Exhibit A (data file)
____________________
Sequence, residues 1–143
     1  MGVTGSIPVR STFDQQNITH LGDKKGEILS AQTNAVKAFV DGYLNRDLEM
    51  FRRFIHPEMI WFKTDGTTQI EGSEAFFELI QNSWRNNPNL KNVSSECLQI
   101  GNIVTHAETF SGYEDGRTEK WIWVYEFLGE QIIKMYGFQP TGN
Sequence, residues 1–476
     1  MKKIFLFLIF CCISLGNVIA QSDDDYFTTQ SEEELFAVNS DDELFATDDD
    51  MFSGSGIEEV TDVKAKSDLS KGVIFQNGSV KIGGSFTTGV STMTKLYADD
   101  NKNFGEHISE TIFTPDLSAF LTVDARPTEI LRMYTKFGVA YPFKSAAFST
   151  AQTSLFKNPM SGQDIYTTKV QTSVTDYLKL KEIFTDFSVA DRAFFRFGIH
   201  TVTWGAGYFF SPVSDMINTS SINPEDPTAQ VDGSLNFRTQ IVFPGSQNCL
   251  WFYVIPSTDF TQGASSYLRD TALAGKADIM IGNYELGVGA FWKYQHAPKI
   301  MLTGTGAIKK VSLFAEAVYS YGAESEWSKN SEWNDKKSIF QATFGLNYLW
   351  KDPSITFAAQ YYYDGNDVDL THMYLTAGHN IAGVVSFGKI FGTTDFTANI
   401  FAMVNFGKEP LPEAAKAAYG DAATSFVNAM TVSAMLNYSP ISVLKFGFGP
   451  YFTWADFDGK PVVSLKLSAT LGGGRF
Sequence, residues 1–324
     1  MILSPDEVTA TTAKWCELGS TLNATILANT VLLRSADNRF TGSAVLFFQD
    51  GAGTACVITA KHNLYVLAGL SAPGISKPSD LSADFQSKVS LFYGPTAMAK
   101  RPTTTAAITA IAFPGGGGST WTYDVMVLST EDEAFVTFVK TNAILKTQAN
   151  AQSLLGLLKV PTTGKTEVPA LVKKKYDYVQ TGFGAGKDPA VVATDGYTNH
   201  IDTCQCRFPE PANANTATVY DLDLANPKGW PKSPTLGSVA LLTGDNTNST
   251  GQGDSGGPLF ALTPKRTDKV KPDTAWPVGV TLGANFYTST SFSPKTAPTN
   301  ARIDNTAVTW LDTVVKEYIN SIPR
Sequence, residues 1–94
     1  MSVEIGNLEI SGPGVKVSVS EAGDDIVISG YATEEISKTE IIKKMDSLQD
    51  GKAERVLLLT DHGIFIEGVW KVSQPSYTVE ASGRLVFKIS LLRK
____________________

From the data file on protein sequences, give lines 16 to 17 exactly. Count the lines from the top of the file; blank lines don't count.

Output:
Sequence, residues 1–324
     1  MILSPDEVTA TTAKWCELGS TLNATILANT VLLRSADNRF TGSAVLFFQD